Opinion Journal – The Price of Speaking Out: Why Beijing beat and jailed my sons. BY REBIYA KADEER

I was left to contemplate the high price I have paid for speaking out about the plight of my people, the 10 million Turkic Uighurs who have suffered under Communist Chinese rule since 1949. That price began with my arrest in 1999 while on my way to meet a U.S. congressional delegation in Urumqi, the capital city of my homeland, Xinjiang, in the far northwest of China. Newspaper clippings I’d sent to my husband in the U.S. were used to convict me of “leaking state secrets,” a term so broadly defined in China that it can be used to encompass almost everything.

Had it not been for the Bush administration I would still be in prison today, serving my eight-year sentence for this “crime.” Washington applied significant political pressure for my early release, and in March 2005 it yielded results. Just days before a visit to China by Secretary of State Condoleezza Rice, I was handed over to American officials in Beijing and exiled to the U.S.

Quick, bomb American interests! It is outrageous that the Bush Administration should be allowed to concern themselves with the human rights of Muslims!

And now that I was free to speak, I felt I had a duty to try to apply the same pressure to secure the release of so many others who remain behind bars.

So I testified before Congress and spoke to human-rights groups about the oppression being suffered by Uighurs. I told them about how Uighur women are sterilized or forced to have abortions because the Chinese government says they are too poor to afford to have families. I told them about how Uighur mosques are closed, their imams jailed, while parents are forbidden from teaching religion to their children. Human-rights groups estimate that there are thousands of Uighur political prisoners, and Xinjiang has the dubious distinction of being the only place in China where executions still take place for political crimes.

Ah, China. Just when I start to warm to it, something else floats to the surface.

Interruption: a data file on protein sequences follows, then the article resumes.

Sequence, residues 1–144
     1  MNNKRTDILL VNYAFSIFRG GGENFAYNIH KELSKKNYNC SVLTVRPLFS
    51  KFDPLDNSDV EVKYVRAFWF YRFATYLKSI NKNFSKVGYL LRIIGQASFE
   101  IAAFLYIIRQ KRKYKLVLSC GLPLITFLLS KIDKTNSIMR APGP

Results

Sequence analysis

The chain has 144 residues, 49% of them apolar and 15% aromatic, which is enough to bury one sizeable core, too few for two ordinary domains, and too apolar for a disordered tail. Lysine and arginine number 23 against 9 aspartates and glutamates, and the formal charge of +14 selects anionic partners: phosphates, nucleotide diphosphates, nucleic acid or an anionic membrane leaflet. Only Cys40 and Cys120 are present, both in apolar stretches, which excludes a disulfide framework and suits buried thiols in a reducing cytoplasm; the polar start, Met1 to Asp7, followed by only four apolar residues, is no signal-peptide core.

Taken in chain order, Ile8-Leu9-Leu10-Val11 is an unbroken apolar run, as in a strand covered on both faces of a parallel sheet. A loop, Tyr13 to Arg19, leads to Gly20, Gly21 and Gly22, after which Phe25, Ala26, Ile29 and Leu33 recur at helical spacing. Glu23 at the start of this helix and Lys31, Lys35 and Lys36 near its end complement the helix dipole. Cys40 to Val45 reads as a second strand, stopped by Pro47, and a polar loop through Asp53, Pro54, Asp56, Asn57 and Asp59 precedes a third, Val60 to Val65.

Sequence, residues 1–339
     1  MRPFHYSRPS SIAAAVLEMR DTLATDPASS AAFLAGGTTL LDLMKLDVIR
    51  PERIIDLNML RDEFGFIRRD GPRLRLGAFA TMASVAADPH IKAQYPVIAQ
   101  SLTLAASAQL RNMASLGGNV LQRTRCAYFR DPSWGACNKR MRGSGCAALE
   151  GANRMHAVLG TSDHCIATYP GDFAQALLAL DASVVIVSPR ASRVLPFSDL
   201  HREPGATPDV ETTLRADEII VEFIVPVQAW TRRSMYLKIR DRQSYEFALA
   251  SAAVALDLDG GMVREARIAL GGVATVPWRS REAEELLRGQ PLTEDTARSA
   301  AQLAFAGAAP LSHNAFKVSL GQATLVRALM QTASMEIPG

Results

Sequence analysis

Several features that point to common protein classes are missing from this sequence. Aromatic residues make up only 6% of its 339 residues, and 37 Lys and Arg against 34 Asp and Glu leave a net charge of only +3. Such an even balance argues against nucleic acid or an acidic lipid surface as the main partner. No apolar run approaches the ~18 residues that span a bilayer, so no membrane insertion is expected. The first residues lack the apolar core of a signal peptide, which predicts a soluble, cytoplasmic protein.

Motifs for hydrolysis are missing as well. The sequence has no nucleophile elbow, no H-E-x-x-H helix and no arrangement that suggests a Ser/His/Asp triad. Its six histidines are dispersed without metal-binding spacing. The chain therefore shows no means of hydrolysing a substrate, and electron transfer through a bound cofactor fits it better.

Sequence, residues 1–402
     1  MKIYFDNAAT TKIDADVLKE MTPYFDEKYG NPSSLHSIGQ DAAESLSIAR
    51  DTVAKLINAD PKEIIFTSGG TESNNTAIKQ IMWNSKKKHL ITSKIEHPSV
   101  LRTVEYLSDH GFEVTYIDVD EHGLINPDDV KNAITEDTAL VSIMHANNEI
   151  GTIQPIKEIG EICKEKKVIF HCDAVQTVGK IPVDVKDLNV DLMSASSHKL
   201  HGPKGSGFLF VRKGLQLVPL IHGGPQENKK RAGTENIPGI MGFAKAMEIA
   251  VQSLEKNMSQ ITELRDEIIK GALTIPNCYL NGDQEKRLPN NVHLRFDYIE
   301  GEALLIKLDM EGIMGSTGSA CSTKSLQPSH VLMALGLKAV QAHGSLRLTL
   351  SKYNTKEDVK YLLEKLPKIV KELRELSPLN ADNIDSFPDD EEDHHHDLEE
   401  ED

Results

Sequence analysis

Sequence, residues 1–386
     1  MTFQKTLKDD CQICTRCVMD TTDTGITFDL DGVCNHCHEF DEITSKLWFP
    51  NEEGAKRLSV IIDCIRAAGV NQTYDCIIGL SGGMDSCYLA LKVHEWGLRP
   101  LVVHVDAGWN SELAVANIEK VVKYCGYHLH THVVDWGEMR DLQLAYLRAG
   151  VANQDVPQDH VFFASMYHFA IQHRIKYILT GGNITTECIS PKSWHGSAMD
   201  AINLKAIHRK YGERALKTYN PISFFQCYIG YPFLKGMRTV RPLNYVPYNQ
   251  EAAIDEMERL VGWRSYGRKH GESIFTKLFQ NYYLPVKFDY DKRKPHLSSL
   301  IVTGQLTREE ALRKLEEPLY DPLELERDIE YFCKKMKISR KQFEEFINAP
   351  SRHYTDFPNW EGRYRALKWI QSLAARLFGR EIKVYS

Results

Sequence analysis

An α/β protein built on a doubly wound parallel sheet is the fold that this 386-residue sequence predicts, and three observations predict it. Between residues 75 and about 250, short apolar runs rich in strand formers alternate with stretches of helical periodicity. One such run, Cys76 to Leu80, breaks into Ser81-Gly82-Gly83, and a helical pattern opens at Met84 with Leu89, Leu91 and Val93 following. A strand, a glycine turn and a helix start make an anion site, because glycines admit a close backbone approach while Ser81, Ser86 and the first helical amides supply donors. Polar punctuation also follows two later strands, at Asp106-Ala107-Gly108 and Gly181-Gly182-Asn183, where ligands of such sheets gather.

So, let’s learn something new:

Though most Uyghur seperatists support peaceful, secular Uyghur nationalism, there are some radical Islamic militant groups (such as the East Turkestan Islamic Movement) vying for independence as well. This has caused much confusion with regard to names and belief of Uyghur political groups. Often the Chinese government refers to general “East Turkestan” to refer to terrorists.

They want a Turkestan. We’d have a Turkey and a Turkestan. On opposite sides of the steppe.

Before converting to Islam, Uyghurs included Manichaeans, Buddhists and even some Nestorian Christians. It is probable that, genetically and culturally, modern Uyghurs descend from the nomadic tribes of Mongolia, from the Turkic subjects of the Mongols as well as from the many Indo-European-speaking groups who preceded them in the Tarim Basin oasis-cities. Today one can still see Uyghurs with light-coloured skin and hair. Modern genetic study shows Uyghurs are geneticly closest to modern Turkey Turks.


In China, Uyghurs live primarily in the Xinjiang Uyghur Autonomous Region (also known as East Turkestan). Uyghurs live in Kazakhstan, Kirgizistan and Uzbekistan as a mojor minority ethnic group. There is a large Uyghur community in Turkey. A small community of Uyghurs also exists in Taoyuan County of Hunan province in South-central China. Uyghur neighborhoods also exist in major cities like Beijing an Shanghai.

The Uyghur people are a Turkic-speaking people. Turkic languages:

constitute a language family of some thirty languages, spoken across a vast area from Eastern Europe to Siberia and Western China with an estimated 140 million native speakers and tens of millions of second-language speakers.